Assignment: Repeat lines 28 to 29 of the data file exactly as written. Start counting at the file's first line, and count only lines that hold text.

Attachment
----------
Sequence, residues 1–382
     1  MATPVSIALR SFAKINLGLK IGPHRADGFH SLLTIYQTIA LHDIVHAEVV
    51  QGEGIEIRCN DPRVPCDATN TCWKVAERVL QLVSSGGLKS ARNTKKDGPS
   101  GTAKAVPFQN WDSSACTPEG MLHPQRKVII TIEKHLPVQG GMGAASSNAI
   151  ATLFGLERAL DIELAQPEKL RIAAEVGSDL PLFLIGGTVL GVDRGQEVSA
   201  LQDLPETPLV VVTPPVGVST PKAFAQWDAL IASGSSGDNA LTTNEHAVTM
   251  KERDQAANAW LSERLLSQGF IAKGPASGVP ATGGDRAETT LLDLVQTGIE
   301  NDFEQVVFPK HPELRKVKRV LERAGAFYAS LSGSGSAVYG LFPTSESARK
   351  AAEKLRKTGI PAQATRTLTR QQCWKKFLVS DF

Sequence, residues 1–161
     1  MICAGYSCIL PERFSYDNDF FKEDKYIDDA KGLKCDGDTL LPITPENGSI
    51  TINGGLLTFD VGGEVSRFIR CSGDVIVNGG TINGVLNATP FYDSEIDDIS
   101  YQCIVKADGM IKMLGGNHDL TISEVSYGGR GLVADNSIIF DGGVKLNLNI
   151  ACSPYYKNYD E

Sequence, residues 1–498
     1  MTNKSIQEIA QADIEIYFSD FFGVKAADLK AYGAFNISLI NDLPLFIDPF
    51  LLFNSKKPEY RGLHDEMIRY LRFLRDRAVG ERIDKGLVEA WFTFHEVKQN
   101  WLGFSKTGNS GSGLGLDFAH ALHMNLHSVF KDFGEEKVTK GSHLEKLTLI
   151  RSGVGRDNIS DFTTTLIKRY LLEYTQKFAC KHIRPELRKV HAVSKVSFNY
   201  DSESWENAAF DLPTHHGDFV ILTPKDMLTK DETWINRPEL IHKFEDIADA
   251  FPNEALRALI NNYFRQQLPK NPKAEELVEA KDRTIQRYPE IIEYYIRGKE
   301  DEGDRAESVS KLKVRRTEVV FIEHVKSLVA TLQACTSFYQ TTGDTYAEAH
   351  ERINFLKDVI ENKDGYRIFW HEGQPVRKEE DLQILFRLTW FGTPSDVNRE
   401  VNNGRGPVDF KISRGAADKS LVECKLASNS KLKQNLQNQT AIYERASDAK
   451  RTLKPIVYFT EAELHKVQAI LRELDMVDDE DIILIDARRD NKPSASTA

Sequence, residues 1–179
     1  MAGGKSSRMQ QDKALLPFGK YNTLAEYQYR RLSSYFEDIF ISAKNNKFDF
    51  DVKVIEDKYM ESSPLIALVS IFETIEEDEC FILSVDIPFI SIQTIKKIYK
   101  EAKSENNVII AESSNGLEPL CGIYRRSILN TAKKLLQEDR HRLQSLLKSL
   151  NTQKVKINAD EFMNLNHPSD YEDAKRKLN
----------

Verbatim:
    51  DVKVIEDKYM ESSPLIALVS IFETIEEDEC FILSVDIPFI SIQTIKKIYK
   101  EAKSENNVII AESSNGLEPL CGIYRRSILN TAKKLLQEDR HRLQSLLKSL